The top-seeded Boston Celtics find themselves in a precarious position. It’s down two games to zero against a Chicago team that barely made the NBA Playoffs and seemingly almost fired its coach multiple times, and the blame for Boston’s woes has predictably shifted onto its boy-wonder coach, Brad Stevens.
Stevens, 40, has dropped 12 of 14 games, accumulating the worst career postseason record of all time. It’s a convenient statistic for those pointing the finger his way. But the sentiment is unfair.
To understand why we must recognize that the Celtics at their core have a flawed roster, and one that has easily been exposed. For example, despite winning 53 games this season, they still lack a true center. Al Horford is a fine player, but he’s also a power forward masquerading as a five man. He has been abused by Chicago’s 7-footer Robin Lopez, who right now is collecting one out of every five Bulls misses ― a clip that easily would have led the league during the regular season. The Bulls have also dominated the glass thus far, out-rebounding Boston by a margin of 23.
Then there’s Boston’s helplessness in protecting the rim, which has allowed Chicago’s perimeter players to live in the paint. Neither Horford, Amir Johnson, Kelly Olynyk or Tyler Zeller are legitimate shot-blocking threats. As a result, Jimmy Butler and Dwyane Wade have attacked relentlessly, enjoying a barrage of free passes in the lane.
In one of their better combined performances of the season, the duo each scored 22 points in a 111-97 Game 2 win. The performance showed us the importance of having wings who can “get theirs” in the playoffs.
Boston’s most glaring deficiency, however, stems from its best player. Isaiah Thomas, for all his offensive prowess, has been put in the blender by Bulls point guard Rajon Rondo, who has turned back the clock to his Celtic days, when he earned four consecutive All-Star appearances.
Thomas, understandably, is not his normal self right now, after the unexpected death of his sister. But then again, the 31-year-old Rondo ― who scored 11 points and dished out 14 assists, while amassing 9 rebounds and 5 steals in Game 2 ― is simply doing to him what others have done all season. It’s unclear how things will play out now that Rondo has been declared out indefinitely with a broken thumb, but Thomas isn’t exactly primed for a defensive turnaround.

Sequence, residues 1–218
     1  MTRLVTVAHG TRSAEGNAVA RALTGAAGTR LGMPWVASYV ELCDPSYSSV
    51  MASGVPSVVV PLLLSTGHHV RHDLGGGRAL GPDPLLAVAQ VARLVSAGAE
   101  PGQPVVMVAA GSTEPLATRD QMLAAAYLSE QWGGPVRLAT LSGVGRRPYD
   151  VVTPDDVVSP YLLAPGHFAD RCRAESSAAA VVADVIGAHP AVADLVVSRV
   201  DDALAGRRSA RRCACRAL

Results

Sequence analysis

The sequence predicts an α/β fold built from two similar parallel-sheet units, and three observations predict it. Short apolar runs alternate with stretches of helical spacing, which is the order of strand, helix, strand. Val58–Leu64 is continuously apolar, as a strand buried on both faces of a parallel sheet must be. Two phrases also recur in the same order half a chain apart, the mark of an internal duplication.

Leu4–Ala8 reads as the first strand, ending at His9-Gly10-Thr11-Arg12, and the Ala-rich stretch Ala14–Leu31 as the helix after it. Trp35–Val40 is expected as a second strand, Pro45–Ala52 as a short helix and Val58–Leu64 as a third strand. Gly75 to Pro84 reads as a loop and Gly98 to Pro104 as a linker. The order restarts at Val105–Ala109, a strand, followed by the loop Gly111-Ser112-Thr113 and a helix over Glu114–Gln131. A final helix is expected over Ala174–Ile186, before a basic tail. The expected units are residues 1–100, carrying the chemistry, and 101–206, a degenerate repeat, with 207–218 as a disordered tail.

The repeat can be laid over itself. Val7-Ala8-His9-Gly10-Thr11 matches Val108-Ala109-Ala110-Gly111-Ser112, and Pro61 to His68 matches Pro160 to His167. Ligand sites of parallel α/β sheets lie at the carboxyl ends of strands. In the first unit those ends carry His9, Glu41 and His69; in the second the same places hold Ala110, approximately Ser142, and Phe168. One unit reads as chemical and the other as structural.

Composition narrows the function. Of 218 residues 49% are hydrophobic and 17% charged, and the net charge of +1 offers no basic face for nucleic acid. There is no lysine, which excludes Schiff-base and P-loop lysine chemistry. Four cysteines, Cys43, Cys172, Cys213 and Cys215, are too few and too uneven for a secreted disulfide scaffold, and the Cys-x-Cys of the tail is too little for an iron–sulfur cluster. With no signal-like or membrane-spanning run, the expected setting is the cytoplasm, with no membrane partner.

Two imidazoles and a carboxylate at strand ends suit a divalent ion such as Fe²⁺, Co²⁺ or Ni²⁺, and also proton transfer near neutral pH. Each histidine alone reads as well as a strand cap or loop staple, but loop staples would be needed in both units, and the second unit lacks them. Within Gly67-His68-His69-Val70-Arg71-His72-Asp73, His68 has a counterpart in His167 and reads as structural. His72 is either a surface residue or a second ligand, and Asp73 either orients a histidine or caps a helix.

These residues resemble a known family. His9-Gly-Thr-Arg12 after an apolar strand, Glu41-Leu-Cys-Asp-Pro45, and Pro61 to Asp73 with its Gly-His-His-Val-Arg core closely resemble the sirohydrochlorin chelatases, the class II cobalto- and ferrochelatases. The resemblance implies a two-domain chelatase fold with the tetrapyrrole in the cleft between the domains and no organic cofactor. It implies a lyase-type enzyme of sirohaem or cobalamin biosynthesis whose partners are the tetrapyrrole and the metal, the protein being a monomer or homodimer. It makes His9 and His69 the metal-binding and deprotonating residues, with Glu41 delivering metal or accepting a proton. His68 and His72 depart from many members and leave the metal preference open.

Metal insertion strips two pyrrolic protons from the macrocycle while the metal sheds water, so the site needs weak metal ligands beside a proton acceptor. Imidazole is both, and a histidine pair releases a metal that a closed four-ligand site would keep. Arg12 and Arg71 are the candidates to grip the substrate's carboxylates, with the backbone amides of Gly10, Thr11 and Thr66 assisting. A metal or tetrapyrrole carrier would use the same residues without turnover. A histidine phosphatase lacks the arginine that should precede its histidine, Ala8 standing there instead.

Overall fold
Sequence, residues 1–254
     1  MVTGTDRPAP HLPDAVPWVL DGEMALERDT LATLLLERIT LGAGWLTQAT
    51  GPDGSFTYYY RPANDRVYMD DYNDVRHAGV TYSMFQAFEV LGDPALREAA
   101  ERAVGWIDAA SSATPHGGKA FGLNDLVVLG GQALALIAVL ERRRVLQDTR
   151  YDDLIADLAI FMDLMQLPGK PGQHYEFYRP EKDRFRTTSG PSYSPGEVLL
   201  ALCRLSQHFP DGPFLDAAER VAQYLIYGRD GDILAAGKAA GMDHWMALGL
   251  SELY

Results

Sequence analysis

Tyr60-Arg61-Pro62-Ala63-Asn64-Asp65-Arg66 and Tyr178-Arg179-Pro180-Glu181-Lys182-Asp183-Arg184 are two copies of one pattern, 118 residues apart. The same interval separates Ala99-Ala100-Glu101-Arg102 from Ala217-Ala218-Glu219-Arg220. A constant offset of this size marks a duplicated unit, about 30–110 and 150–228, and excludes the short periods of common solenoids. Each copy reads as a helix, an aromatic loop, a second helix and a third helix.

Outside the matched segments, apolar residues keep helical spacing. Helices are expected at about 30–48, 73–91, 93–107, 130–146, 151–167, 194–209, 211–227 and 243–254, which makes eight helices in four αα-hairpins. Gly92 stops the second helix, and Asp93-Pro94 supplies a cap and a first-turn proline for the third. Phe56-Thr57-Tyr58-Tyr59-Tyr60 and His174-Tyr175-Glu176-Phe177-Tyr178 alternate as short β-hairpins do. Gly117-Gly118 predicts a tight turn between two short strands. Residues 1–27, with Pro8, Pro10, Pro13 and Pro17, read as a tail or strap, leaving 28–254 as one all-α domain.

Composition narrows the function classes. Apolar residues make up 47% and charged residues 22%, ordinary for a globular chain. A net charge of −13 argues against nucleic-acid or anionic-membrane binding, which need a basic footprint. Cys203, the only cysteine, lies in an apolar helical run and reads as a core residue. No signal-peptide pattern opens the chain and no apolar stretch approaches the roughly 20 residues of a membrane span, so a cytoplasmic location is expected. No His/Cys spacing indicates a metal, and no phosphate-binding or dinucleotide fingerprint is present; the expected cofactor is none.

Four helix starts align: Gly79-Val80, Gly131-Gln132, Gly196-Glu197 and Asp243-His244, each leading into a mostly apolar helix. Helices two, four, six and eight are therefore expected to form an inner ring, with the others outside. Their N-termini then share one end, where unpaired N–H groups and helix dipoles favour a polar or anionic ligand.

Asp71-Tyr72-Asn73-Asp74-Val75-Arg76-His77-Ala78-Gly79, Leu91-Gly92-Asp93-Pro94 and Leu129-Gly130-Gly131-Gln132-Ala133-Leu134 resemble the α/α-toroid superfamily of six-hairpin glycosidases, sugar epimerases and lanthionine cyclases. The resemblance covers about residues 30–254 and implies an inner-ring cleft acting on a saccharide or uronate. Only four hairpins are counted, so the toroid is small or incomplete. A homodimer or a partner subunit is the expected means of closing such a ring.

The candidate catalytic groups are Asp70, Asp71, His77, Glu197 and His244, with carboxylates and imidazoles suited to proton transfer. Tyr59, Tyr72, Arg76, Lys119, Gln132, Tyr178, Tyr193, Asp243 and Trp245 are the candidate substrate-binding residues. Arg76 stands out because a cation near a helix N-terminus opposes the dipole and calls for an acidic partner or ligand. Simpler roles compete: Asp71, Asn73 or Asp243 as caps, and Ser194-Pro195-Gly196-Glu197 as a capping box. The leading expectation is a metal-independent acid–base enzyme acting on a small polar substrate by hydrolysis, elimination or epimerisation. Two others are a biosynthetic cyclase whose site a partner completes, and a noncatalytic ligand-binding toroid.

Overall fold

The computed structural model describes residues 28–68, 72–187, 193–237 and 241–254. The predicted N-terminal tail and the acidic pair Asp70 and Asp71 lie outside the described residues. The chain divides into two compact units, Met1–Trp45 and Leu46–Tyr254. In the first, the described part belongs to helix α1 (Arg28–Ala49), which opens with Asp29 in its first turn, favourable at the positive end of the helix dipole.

According to ESPN’s Defensive Real Plus Minus, the 5-foot-9 Thomas ranked dead last this season for all point guards. So perhaps it’s no surprise that Rondo completely dictated his tempo to Thomas. In Game 2, for example, the Bulls shot 58 percent when the shot was created by Rondo, but just 47 percent on all other attempts, per ESPN Stats & Info.
As one NBA head coach told me recently of Thomas: “He just can’t defend. Probably the worst we’ve seen all year as far as point guards go.”
Thomas’ sheer inability to guard his position puts Stevens in a precarious spot. He can’t bench him, because Thomas is the main source of offense. He couldn’t put Avery Bradley on Rondo, because it would free up Butler ― and Rondo’s absence doesn’t change anything because Thomas can still only guard one position. Jae Crowder is a good player but he doesn’t have the foot speed to check Butler or Wade, and Marcus Smart can’t play extended minutes because he’s so bad offensively. Finally, there is the talented but green rookie Jaylen Brown, who is lightyears away from being trusted on this stage.
Naturally, when general manager Danny Ainge was asked about the criticism of Stevens, he deflected the blame.
”I think anything is fair,” Ainge said following Game 2. “I don’t agree with them, but I haven’t written this series off yet either. I don’t even want to go there. I think that anything is fair. Sure. Any criticism is fair.”
The only “fair” criticism right now should be aimed at Ainge, who has been the architect of the entire roster. Don’t forget that he is sitting on gold right now ― a pick-swap with the Brooklyn Nets in June’s draft, plus the Nets’ 2018 first-round selection. Remember the swirling rumors of Butler and Indiana’s Paul George both being on the trading block?
Not making a deal wasn’t only foolish, it was pure negligence. The opportunity to land a top 10 player in his prime doesn’t come along often ― and when two were being shopped, Ainge is the one at fault for not doing whatever it took to make it happen.
Regardless of what happens the rest of this series, Brad Stevens has surely done his part. The former Butler University coach resurrected a moribund franchise to improved win totals during all four seasons at the helm: 25 in his first year, then 40, 48 and 53. Regardless of what happens now, that shouldn’t be forgotten.